It was, and is, my intention to keep these micro reviews true to their name. To keep them short and sweet, and to simply act as a quick guide to whether or not a particular title is worth your time amongst the fairly crowded Apple Arcade line-up.
A review for the game I want to look at today, Oceanhorn 2, should really just read: ’This game is fantastic and you’d be mad to not play it’, but I guess I should perhaps expand, just a little …
Oceanhorn 2, by Cornfox & Brothers Ltd. is the sequel to one of the best iOS games there has ever been, namely 2013’s Oceanhorn: Monster of Uncharted Seas. The original game took heavy inspiration from early The Legend of Zelda games, and this sequel has gone full on Breath of the Wild.
If I didn’t know better, Oceanhorn 2 could come across as a complete rip-off of Breath of the Wild, much like some of the older Gameloft classics, but while Oceanhorn 2 does, indeed, borrow very heavily from Breath of the Wild, it’s also extremely put together and designed in its own right.
Much like the Zelda franchise, Oceanhorn 2 plays fast and loose with timelines, and is actually set 1,000 years before the original game. If you’ve played Breath of the Wild, or any Zelda game really, you’ll be instantly familiar with the game-style as soon as you fire it up and you’ll certainly notice the borrowed aspects, from a Link like roll, climb, fighting style, treasure chest opening style, jumping grunt noise, stamina reducing climbing … I really could be here all day with this …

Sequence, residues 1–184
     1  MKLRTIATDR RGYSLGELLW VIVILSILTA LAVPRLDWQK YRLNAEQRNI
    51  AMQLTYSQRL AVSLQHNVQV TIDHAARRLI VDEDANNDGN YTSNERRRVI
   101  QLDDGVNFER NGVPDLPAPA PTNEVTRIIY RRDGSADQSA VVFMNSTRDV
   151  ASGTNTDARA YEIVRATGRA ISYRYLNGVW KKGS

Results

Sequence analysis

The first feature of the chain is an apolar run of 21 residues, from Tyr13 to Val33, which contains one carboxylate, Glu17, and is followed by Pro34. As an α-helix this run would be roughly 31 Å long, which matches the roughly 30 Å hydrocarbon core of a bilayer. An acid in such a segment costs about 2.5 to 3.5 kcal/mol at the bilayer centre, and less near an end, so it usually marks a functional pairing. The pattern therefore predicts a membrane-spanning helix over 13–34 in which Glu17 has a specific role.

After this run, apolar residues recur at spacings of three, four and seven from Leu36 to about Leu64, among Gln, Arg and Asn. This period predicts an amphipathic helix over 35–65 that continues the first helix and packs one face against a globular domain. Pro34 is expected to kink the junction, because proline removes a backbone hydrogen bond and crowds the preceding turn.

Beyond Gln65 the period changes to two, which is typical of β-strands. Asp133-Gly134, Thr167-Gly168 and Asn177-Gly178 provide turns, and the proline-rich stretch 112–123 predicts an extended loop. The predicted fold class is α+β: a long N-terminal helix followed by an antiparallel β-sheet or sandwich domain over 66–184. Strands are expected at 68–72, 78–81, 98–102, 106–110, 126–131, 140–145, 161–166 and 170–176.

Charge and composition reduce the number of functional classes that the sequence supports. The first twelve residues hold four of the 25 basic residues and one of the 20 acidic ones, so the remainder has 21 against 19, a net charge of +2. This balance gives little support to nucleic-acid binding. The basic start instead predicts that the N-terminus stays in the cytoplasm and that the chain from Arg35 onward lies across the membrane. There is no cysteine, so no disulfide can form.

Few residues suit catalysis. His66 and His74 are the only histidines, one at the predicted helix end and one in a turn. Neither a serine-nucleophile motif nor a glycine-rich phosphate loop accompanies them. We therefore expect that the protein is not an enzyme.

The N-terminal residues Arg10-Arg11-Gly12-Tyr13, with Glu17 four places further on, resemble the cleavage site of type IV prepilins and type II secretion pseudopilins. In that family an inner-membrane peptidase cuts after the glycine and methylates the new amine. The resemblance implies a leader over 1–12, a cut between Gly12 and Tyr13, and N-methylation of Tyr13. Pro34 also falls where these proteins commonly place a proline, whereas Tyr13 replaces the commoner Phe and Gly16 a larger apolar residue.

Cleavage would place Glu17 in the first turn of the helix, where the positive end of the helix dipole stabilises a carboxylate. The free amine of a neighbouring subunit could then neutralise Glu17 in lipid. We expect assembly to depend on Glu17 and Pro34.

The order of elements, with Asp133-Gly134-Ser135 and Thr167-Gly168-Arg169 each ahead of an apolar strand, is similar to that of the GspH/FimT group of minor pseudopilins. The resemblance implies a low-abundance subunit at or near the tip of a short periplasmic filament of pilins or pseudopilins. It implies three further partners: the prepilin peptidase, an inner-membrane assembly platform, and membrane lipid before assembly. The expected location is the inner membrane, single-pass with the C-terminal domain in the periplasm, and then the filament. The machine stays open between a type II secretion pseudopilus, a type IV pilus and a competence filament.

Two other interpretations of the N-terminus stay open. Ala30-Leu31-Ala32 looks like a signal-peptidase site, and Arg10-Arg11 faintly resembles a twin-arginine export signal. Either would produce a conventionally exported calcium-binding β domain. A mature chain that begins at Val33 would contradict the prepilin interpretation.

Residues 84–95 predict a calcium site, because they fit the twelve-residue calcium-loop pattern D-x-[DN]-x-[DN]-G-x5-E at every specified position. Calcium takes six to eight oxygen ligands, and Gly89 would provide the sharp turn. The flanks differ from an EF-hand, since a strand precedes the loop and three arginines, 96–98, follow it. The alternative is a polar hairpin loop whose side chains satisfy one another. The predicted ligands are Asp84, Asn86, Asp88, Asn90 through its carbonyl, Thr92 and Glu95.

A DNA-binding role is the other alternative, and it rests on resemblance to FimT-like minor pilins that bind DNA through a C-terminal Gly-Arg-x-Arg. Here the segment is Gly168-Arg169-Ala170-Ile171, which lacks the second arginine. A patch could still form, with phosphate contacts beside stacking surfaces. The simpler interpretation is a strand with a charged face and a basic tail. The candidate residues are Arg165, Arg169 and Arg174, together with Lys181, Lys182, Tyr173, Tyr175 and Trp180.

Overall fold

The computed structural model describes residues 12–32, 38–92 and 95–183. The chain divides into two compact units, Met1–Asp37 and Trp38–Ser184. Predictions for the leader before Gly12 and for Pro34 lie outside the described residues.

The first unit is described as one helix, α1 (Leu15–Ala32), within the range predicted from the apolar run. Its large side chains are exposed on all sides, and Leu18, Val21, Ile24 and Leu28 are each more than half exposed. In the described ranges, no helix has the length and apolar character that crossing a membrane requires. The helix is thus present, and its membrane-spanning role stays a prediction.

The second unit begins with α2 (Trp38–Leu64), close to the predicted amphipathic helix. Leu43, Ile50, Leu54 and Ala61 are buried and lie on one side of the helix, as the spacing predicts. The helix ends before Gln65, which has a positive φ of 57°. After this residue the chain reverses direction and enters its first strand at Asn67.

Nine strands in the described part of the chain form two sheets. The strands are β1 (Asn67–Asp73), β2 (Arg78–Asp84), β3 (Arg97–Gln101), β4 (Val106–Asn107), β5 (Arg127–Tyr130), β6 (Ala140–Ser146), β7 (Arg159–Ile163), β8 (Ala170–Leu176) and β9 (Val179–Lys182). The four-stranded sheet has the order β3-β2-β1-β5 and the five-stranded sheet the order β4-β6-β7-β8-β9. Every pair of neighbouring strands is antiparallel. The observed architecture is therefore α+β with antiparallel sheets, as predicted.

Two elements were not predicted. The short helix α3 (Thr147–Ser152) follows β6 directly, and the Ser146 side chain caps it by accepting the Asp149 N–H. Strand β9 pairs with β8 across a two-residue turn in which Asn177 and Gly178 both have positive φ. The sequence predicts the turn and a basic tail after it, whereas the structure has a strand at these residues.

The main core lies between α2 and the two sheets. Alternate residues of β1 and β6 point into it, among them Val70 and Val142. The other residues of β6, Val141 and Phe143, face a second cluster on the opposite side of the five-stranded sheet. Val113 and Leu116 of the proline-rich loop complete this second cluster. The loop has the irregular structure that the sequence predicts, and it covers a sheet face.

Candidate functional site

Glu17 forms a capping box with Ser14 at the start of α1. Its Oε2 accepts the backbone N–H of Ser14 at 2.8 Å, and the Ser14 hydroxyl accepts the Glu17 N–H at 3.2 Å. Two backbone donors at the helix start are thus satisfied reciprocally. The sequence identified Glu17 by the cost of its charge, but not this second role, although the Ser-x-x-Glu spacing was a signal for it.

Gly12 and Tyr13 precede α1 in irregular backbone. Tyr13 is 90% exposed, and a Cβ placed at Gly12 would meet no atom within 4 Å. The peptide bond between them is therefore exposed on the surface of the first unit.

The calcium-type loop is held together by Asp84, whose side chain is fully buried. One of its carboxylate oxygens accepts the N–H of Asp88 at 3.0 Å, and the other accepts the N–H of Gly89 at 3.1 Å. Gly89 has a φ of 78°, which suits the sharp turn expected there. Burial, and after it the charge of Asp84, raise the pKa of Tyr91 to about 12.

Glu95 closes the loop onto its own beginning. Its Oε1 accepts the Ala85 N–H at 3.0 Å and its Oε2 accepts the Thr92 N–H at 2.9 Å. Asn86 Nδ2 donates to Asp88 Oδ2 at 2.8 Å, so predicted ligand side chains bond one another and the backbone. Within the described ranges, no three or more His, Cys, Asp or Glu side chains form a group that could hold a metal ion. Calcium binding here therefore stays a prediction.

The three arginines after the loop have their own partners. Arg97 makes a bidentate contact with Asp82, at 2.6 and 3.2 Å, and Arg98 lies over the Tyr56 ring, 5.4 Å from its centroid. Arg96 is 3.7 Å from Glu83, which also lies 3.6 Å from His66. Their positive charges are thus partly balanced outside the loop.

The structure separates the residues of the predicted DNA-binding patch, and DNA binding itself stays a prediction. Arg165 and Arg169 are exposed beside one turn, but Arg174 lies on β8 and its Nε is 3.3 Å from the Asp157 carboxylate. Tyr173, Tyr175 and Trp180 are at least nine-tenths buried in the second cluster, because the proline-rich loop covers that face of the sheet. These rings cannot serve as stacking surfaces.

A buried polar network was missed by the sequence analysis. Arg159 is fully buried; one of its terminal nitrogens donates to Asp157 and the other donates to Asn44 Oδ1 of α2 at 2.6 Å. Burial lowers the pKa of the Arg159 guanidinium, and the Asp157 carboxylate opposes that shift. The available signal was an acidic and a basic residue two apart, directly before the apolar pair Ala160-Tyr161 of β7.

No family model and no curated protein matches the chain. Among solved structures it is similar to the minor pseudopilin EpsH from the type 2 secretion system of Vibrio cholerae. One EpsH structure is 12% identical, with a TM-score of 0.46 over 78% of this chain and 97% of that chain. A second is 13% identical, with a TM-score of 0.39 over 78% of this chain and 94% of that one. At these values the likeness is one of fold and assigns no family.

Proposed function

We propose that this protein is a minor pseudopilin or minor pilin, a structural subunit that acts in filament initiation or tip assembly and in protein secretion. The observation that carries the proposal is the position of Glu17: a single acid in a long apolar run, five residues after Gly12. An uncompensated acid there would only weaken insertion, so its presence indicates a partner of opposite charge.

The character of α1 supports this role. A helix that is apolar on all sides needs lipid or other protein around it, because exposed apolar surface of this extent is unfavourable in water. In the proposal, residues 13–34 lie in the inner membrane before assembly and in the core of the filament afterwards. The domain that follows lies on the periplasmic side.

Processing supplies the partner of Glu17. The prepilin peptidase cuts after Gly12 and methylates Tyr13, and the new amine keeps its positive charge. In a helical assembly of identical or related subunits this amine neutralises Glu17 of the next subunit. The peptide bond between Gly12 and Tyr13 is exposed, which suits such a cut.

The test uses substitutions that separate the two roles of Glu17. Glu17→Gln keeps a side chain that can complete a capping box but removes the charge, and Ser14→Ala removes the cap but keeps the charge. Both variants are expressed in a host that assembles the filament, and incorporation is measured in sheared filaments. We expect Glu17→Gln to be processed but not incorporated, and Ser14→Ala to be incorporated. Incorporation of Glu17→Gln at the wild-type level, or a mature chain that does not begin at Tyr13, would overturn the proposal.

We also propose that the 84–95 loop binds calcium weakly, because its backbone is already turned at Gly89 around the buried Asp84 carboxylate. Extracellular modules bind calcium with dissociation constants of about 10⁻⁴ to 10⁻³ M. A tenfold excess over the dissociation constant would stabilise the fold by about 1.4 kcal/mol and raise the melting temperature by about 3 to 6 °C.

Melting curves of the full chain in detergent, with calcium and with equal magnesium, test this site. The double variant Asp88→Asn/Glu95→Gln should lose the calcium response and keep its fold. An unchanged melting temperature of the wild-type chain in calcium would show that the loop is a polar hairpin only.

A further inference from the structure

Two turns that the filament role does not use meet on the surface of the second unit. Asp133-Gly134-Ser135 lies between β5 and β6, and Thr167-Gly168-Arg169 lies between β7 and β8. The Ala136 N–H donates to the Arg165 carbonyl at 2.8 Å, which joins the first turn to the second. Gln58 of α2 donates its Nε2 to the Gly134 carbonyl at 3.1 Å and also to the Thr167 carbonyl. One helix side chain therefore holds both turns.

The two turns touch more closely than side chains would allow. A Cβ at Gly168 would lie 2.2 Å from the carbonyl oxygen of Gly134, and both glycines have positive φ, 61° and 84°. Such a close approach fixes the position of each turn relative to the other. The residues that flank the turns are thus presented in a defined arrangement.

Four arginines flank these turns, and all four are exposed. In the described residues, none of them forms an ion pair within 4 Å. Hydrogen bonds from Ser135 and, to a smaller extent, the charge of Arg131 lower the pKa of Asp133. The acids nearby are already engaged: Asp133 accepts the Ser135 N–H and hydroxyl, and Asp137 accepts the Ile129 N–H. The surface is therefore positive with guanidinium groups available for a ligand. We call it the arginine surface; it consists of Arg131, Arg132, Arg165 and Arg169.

Like I said, however, Oceanhorn 2 isn’t just some Zelda rip-off, it really does stand on it’s own as one of the best games I’ve ever played on an iPad. The graphics, music and general aesthetic are gorgeous, the world is immersive and I can’t wait to get through the entire (15 hour approx.) journey.
Another unique part of Oceanhorn, further setting it apart from The Legend of Zelda franchise, is the team you can form quite early on into the game. You can join forces with Trin and Gen, a pretty cool looking robot, who fight along side you. You can even issue commands to them to help you out with various puzzles which is a really nice touch. The light steam-punk aesthetic of the world is really quite cool as well, from the hero’s unique looking gun, to the robots and, from what I’ve seen in the trailer, motorbike like devices and airplanes.
One of the problems with attempting this, frankly stupid, daily Apple Arcade review challenge I’ve set myself, is that my limited free time is being spread very thinly. Because of this, I’ve not been able to dig through as much of the game as I would have liked, and I’m now going to have to move onto the next game to try out before I can come back to more, but I will certainly be back to it as often as I can until I’ve completed it. The other games I’ve reviewed so far are nice to dip in and out of, but Oceanhorn 2 is definitely one to settle down with a nice cup of tea, dim the lights, fire up the Xbox controller and get adventuring.
If you have an Apple Arcade subscription you owe it to yourself to jump into Oceanhorn 2 with both feet and soak it all in.